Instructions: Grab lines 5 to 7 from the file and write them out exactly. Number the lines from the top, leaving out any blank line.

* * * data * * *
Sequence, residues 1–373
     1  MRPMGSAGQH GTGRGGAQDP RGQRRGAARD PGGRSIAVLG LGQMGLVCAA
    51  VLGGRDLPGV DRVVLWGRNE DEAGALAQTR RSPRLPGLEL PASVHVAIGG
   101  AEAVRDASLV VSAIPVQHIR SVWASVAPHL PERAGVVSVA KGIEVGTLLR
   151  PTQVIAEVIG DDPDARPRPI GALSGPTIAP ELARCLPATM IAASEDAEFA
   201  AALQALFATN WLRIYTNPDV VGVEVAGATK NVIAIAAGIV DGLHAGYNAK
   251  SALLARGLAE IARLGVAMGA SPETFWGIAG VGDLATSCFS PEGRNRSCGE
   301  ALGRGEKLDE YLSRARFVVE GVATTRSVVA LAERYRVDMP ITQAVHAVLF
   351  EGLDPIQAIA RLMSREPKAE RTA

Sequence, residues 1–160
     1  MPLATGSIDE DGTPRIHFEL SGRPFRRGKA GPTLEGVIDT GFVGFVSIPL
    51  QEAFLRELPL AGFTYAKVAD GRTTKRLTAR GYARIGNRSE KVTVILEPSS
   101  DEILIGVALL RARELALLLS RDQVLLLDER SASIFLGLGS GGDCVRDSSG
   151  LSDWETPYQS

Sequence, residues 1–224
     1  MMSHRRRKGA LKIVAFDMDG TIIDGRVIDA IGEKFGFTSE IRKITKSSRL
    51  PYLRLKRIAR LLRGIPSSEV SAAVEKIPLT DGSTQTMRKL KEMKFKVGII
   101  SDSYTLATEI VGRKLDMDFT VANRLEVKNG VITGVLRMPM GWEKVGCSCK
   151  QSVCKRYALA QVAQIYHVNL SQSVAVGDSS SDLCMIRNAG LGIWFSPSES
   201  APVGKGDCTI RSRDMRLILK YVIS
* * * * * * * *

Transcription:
   151  PTQVIAEVIG DDPDARPRPI GALSGPTIAP ELARCLPATM IAASEDAEFA
   201  AALQALFATN WLRIYTNPDV VGVEVAGATK NVIAIAAGIV DGLHAGYNAK
   251  SALLARGLAE IARLGVAMGA SPETFWGIAG VGDLATSCFS PEGRNRSCGE